All posts in Travel Deals

Top Travel Hacks for 2017

According to Expedia and ARC’s annual Global Air Travel Outlook for 2017, travel hackers may not have to work quite as hard to get air travel deals in 2017.  It seems average ticket prices for economy class are dropping all over the world.  In fact, they haven’t been this low since 2013. Good news!  But wait, there’s more!  We’ve gathered tips and anecdotes from veteran travel hackers and experts to give you a definitive 2017 travel hacking cheat sheet.

WATCH our interview with Randi Wolfson of Skyscanner

  1. Use a VPN and clear your cookies!

David Bakke from MoneyCrashers.com says before you start shopping for travel deals you need to outsmart the search engines. “Make sure private browsing is enabled on your computer before shopping for travel deals – or at the very least clear your cookies. Due to airlines’ use of dynamic pricing, websites may show higher prices if you’ve clicked on them before.”

“It’s not widely known that the price of a particular flight may differ when booked from varying locations. One of the ways around this is to use a Virtual Private Network (VPN) that will allow you to check and compare the fares of the same flight by connecting to multiple countries and then book from the location with the cheapest price. This can save you a lot of money,” says Haris Mumtaz of PureVPN.

  1. Airline gold and credit card perks

According to FoxNews Travel writer and GotoTravelGal.com blogger, Lyn Mettler, one of the best travel hacks for 2017 will continue to be the Southwest Companion Pass, which allows one person to fly free with the pass holder for up to two years. “It’s fairly simple to earn the pass, which is achieved after you earn 110,000 Southwest Rapid Rewards Points. To easily earn the pass, you need to sign up for two Southwest credit cards, meet the minimum spend of $2000 through everyday spending that you can pay off within a month and then earn an additional 6000 Southwest Rapid Rewards points. Once you have 110,000 points, then book a lot of flights without spending a dime on airfare aside from the government required $5.80 per way security fee. My family of four has flown to six destinations within a year for less than $100 per flight using my methods.”

Robert Schrader, a popular travel blogger at LeaveYourDailyHell.com, says credit cards are the key to flying free in 2017, even more so than in 2016. “Now that all major U.S. airlines have finished their race to the bottom—they all use revenue-based mileage earning and have even introduced “basic economy” fares that earn no miles at all—earning free travel via flying is impossible for all but a few travelers.”

“Moreover, with poor airline lounge quality and scant upgrade availability, elite status has little value. Contrast this with generous credit card bonuses, from a recent targeted AMEX Business Platinum offer of 100,000 to 50,000 becoming standard on American Airlines co-branded cards from Citi.”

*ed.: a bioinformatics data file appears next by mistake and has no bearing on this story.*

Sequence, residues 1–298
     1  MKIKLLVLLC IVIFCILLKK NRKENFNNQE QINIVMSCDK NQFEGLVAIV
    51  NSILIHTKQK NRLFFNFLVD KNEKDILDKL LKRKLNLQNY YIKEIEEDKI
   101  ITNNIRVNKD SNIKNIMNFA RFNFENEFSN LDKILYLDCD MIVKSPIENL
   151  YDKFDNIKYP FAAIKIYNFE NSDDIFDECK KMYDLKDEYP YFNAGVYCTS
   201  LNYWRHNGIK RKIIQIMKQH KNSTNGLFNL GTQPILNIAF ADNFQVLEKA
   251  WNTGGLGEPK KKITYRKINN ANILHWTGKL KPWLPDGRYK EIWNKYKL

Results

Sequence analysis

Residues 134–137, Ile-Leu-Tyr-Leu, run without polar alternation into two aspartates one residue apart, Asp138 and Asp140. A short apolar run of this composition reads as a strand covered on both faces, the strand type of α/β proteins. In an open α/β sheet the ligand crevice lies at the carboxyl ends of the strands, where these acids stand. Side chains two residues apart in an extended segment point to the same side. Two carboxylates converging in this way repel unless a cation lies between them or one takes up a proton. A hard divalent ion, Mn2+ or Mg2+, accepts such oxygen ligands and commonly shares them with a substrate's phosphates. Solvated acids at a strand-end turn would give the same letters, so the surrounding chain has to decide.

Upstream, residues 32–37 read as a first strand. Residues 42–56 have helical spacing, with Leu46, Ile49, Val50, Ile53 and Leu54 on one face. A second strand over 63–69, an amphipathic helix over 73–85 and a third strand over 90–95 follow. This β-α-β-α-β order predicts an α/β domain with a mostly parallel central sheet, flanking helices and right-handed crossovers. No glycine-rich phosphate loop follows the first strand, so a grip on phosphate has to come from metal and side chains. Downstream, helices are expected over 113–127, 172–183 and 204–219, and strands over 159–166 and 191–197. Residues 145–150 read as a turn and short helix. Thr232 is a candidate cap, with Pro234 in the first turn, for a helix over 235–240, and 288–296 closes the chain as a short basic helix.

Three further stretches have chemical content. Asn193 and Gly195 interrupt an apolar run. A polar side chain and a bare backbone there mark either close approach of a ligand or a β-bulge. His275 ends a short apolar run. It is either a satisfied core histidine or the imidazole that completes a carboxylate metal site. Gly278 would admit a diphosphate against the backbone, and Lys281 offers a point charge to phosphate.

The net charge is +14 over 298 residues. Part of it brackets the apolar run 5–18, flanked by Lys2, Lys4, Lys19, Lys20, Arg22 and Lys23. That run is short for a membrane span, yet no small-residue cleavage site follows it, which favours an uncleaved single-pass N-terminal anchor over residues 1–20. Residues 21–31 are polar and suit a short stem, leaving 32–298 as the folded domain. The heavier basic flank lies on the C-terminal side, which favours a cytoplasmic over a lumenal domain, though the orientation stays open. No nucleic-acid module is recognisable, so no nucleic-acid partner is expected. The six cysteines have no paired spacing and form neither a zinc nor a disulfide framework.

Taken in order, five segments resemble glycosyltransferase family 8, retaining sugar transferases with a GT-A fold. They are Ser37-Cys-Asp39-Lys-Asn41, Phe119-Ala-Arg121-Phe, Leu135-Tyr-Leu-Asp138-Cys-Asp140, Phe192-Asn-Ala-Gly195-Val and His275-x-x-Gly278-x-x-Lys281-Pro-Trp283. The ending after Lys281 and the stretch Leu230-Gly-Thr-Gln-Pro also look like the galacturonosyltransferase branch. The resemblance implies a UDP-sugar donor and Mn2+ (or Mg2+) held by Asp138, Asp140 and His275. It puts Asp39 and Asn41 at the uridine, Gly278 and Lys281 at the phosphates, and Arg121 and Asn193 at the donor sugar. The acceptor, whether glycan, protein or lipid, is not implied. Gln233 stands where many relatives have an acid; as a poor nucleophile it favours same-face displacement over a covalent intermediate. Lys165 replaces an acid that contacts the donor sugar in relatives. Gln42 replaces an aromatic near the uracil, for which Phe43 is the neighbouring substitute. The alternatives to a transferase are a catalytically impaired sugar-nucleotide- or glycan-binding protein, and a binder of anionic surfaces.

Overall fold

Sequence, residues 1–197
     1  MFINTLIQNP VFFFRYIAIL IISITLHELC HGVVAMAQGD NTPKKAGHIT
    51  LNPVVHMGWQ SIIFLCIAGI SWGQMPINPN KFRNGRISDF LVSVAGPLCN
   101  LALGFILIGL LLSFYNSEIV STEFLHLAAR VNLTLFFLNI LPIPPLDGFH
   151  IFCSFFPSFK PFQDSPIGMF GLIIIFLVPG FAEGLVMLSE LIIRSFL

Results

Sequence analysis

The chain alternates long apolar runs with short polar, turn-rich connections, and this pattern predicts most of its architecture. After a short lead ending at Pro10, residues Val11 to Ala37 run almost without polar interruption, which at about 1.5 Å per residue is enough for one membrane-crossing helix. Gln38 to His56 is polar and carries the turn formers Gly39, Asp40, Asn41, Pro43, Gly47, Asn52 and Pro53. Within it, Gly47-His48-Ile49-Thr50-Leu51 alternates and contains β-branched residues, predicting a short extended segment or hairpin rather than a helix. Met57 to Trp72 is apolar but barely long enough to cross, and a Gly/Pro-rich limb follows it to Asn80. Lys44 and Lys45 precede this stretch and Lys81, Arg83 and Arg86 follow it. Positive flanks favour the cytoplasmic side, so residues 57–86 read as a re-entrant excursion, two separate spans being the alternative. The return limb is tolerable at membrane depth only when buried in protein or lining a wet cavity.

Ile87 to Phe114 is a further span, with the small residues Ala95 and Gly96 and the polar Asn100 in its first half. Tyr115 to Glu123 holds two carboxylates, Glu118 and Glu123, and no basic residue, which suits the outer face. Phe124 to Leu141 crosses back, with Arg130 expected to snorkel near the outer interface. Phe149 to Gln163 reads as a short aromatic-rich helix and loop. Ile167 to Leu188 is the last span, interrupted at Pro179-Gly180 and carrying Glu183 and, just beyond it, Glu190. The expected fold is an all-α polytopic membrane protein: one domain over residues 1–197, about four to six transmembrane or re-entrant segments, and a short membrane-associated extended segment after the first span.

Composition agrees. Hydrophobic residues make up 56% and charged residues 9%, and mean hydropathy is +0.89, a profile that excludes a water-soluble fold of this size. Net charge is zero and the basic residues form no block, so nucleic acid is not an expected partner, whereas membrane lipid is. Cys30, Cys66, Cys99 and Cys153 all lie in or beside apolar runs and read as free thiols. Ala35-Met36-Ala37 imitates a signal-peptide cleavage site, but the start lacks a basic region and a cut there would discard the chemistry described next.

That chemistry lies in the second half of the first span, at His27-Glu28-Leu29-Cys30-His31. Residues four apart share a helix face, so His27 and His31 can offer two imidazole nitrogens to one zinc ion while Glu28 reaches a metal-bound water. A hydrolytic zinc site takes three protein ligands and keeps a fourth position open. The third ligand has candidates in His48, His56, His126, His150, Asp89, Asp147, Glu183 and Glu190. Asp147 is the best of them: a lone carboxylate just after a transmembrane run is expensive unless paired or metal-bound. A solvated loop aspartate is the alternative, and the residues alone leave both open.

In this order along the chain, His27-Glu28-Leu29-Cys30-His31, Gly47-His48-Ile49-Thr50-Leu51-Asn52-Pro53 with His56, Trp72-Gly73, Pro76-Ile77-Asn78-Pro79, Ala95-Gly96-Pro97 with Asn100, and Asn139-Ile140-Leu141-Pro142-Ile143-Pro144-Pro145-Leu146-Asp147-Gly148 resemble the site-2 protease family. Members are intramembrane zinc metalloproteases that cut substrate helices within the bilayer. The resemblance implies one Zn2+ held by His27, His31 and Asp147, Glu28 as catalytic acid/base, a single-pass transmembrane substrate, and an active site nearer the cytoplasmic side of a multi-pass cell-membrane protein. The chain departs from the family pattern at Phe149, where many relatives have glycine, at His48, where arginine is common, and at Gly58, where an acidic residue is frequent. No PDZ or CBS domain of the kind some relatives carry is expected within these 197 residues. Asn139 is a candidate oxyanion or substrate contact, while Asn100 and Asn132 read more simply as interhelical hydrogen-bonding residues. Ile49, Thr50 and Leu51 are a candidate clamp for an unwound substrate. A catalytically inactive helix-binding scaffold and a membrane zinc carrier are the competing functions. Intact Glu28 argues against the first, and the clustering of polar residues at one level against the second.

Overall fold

1. Best practices for air travel savings

Valerie Bowden, author of Backpacking Africa for Beginners, offers three tried and true best practices for saving money if traveling by air.

  • Reconsider one-way flights. I’ve saved an enormous amount of money by skipping out on round-way tickets. First, airlines make a lot of money with canceled or rescheduled tickets. If you didn’t buy travel insurance, you’re looking at a $200-300 fee. Second, one-way tickets allow you to get better deals. For examples, one time I got a flight from Africa to the US for only $355 (including taxes!). Most tickets within the US cost that amount or more. This is all because I found a quick sale happening that I was able to take advantage of.
  • Take New or Rarely Used Airlines. Another reason why I found such a great sale was because I took Saudi Airlines. It sounds risky. But often Middle Eastern or Developing Countries have great new airlines, and they try hard to promote them. Through sales and special deals, you get tickets much cheaper than you would be taking Delta or Lufthansa.
  • Be flexible. Flights can vary by hundreds of dollars even within a 24-hour span. I like websites that let you search one month at a time because then you can see the best deals. For that, Skyscanner is by far my favorite. 
  1. Housesitting & Hotel Hacks

The ultimate travel hack to cut out ALL accommodation (and often food) costs is housesitting. According to Tanbay Theune, a professional house/ pet sitter and blogger at www.travellingweasels.com, The perks are hard to dismiss. “Most homeowners treat you like a guest. They pick you up from the airport/train station/ bus stop. They cook you a meal or two and leave you some food in the cupboards. All gladly received when traveling on a budget – and even when you’re not! They also show you the area and the secret spots only the locals know.”

James, another devout house-sitter, and blogger at portugalist.com, acknowledges that getting that first house sit can be difficult as you won’t have any references or experience. “The first two I did were actually in the town I lived at the time (Edinburgh). I did them just for the reference. Then, I applied for ones that I was interested in and managed to get several back-to-backs in France. One was five month’s long so, in the end, I was able to spend nine month’s there.”

James has written a list of sites where you can find those opportunities. Of these, Trusted Housesitters is the biggest and it has the most opportunities.